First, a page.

The "^" and "v" markers show how, when a bit flips in the parent walk, the corresponding bit flips the opposite way, between the end of the previous child walk and the start of the next. (We're producing adjacent binary bits here.) Here's the Python function that calculates the child start and end corners as suggested by the last two columns of the table:
def child_start_end( parent_start, parent_end, mask, i ):
start_i = max( 0,    ( i - 1 ) & ~1 )  # next lower even number, or 0
end_i =   min( mask, ( i + 1 ) |  1 )  # next higher odd number, or mask
child_start = gray_encode_travel( parent_start, parent_end, mask, start_i )
child_end   = gray_encode_travel( parent_start, parent_end, mask, end_i )
return child_start, child_end

Orientation of the Largest Cube

The overall algorithm goes top-down, with the number of levels determined by the number of bits in the inputs. But the mapping from index to point should be consistent for all sizes of inputs. The largest cube will always start at the origin. We need to know the right orientation of the top-level cube such that the bottom-level cube at the origin has a fixed orientation.

We decree that the point with index zero is the origin point, and that the first step shall be in the x direction. With our modified Gray code, that means the first level- zero unit cube travels the y dimension. Our child- orientation method always makes the first child of a parent travel the same dimension as the parent's first step. So the level- one parent first steps along y, and travels along z. The level- two parent first steps along z, and so forth. So the orientation of origin- cubes rotates one dimension-- one bit to the right within the D-bit word-- for each level of size. In the following function to handle this, the number of dimensions is nD and the number of levels is nChunks:

def initial_start_end( nChunks, nD ):
# This orients the largest cube so that
# it's start is the origin (0 corner), and
# the first step is along the x axis, regardless of nD and nChunks:
return 0,  2**( ( -nChunks - 1 ) % nD )  # in Python 0 <=  a % b  < b.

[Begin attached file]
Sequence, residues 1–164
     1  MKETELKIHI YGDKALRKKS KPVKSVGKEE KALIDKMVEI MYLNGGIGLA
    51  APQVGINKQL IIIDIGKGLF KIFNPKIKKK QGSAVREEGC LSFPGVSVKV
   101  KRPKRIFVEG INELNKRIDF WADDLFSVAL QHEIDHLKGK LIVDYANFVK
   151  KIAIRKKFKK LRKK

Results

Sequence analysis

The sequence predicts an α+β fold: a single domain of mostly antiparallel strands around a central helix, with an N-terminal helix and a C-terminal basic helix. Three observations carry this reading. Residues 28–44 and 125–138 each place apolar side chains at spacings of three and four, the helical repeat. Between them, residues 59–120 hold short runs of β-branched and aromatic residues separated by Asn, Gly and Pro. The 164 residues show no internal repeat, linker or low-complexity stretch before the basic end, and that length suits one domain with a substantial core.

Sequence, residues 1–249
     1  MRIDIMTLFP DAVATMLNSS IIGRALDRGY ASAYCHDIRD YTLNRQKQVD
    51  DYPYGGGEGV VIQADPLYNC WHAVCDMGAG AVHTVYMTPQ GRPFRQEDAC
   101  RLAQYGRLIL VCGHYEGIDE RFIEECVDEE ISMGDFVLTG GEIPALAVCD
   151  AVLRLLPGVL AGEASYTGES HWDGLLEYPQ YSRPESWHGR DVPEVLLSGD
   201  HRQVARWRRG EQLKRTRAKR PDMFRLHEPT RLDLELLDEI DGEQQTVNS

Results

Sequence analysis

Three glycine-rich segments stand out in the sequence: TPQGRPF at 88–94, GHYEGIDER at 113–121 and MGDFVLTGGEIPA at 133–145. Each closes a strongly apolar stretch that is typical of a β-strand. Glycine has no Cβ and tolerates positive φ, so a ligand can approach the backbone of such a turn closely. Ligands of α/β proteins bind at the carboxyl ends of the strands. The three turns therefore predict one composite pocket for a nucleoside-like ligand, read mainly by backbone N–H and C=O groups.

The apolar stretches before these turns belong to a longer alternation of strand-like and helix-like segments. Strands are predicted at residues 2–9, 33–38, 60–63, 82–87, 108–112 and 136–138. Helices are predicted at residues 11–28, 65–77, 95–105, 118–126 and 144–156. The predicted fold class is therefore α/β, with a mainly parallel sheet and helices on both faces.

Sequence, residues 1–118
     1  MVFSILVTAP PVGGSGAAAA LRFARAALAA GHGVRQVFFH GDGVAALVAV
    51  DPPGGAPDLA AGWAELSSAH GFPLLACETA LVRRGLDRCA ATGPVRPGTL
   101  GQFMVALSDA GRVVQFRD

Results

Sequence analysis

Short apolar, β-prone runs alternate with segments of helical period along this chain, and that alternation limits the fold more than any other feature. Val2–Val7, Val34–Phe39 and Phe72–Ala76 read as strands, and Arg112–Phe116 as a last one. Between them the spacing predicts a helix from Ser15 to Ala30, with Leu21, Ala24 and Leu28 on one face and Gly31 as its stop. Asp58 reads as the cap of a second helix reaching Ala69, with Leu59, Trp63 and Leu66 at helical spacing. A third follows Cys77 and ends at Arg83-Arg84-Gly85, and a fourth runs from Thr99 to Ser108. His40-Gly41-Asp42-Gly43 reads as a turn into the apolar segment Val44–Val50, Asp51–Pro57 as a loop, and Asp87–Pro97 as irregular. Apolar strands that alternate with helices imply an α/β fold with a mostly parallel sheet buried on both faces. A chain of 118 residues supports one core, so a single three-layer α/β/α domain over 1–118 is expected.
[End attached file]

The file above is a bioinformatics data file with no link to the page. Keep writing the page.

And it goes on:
The Code, Tests, Demos & History

 hilbert_pic.pdf (0K) Exploded views of 3D Hilbert walks. hilbert_pic.py_txt (4K) Python/pdfgen code that generates hilbert_pic.pdf hilbert.py_txt (8K) index <==> Hilbert and support functions. hilbert_test.py_txt (7K) Tests hilbert.py functions for 1 to 3 dimensions. Makefile (2K) how this stuff is prepared for publishing makeindex.php_txt (18K) PHP source for this page (inserts this listing). old/ (dir) differences from previous versions

Appendix: Some Python Details

Python tuples, like
( x, y, z )
are lists that can't be modified once created. They can be passed as arguments, returned from functions, and indexed like lists. They are sometimes implicit in the syntax for multiple assignment or returning multiple values from functions. E.g.
point = ( x, y, z )
point = x, y, z
def f( point ):
x, y, z = point
return x + 1, y + 1, z + 1

point = f( point )
x, y, z = f( point )
x = point[ 0 ]
number_of_dimensions = len( point )
I use tuples for points where I can here just because they look like points.

"Lists" in Python are actually one-dimensional packed arrays. They are like tuples, but modifiable, so,

a = [ x, y ]
a[ 1 ] = a[ 0 ] + a[ 1]
x, y = a
The expression " * n" means n copies of a list of one zero, concatenated together-- in other words a list of n zeroes.

In Python, the bitwise operations on ints and longs are:

&  and
|  or
^  xor, exclusive or
~  complement
Negative ints in Python, or bitwise complements of positive ints, act as if preceeded by an infinite string of one-bits, and (you might say) vice-versa. So, e.g.,
999999999999 & -2 ==   999999999998
~999999999999      == -1000000000000

Unlike in C and Java, Python's '/' with integer arguments is divide-with-floor, and '%' is modulo, so that, e.g.,

-5 / 2 == -3
-5 % 2 == 1

References

Most of these references are taken from
[Jaffer]...

[Lawder] J.K.Lawder, Calculation of Mappings Between One and n-dimensional Values Using the Hilbert Space-filling Curve, Research Report JL1/00, School of Computer Science and Information Systems, Birkbeck College, University of London, 2000

Last change 07 December 2021.

--Steve Witham